34. #35 Blake Stacey
    January 26, 2009

    Coturnix:

    Are you really THAT arrogant?

    Why, yes, why’d you ask?

    The links are about what you are doing wrong as a journalist and a person,

    Oh, whoops — my mistake — carry on then.

  35. #36 Coturnix
    January 26, 2009

    Sorry, Blake, you snuck your comment in-between – it was not addressed to you.

  36. #37 Onkel Bob
    January 26, 2009

    It is interesting to see exchanges such as this one. The frau is in the middle of a debate over the role of a particular gene. That particular has a great number of scientists investigating it. Unfortunately her data show that the gene is regulated upstream, which is in conflict with the accepted model. However, instead of investigating what she found, critics spend time defending what they believe.
    Science is a human endeavor. It is subject to the same pettiness and territorial conflicts that all other human activities bring. We like to believe were “above all that” but it isn’t true.

  37. #38 jc
    January 26, 2009

    despard, you can ask your library what steps need to be done to remove a journal from subscription. during my PhD, a nutcase published a creationist piece of shit in a journal that my department specifically asked to have in the library. so the way you get libraries to buy the journal is the dept chair talks to the library about getting the subscription -or- like we did, you get signatures of fac, staff, and students to show there’s a great need for the dept to have the journal.
    When we wanted the shitty journal removed because of it’s creationist crap, we got signatures and took it to the head library guy and poof, subscription canceled. give it a try!

    Bora, is it too early to give out the teddy for 2009?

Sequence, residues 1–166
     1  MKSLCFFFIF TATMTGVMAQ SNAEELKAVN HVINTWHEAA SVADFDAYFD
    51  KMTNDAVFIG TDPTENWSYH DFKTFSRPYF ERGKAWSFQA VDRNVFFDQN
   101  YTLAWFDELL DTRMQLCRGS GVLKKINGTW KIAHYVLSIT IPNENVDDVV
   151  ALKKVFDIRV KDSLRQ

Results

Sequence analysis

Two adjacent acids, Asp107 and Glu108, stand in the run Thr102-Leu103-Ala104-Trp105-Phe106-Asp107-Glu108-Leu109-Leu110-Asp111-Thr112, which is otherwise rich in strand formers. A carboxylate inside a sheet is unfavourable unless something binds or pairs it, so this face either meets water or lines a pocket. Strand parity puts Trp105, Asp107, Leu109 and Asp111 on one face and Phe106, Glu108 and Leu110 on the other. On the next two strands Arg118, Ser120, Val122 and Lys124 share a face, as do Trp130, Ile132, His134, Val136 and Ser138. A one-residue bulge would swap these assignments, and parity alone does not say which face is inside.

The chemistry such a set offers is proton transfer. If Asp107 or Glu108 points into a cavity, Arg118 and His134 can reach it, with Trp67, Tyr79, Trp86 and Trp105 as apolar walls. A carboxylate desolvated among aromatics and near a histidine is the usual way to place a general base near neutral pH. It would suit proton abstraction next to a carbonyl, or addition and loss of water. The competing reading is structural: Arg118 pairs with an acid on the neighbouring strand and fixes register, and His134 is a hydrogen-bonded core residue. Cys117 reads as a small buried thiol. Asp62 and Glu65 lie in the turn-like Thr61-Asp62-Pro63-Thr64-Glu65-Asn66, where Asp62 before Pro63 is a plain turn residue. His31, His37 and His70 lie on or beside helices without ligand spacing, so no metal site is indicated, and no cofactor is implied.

38. #39 Coturnix
    January 26, 2009

    At the rate they are going, we can have a Teddy of the Month Award, or even Teddy of the Week ;-)

    Which reminds me – compare Dr.Janszky’s response to Graham’s? See the difference? The former has confidence and smarts and used the opportunity to learn. The latter….meh.

  39. #40 ildi
    January 26, 2009

    “the Earth is an oblate spheroid afflicted with irregularities”

    Magellan Was Wrong!

  40. #41 Barn Owl
    January 26, 2009

    My father is a research biochemist, and when he retired several years ago, I got him a subscription to New Scientist. Perhaps no gift I’ve ever given him has brought him as much enjoyment; he reads every issue cover-to-cover. My teenage nephew reads every issue, after my father has finished with it (sometimes before, and then there’s a squabble). My father is pretty internet savvy, especially for a septuagenarian (thanks in large part to my sister and her husband, both programmers and IT geeks), but I think he still likes the print format. He doesn’t have a laptop, and likes to read the New Scientist out on the porch or at poolside. My nephew does have a lsptop, and reads most things online, but nevertheless he seems to like New Scientist in print format.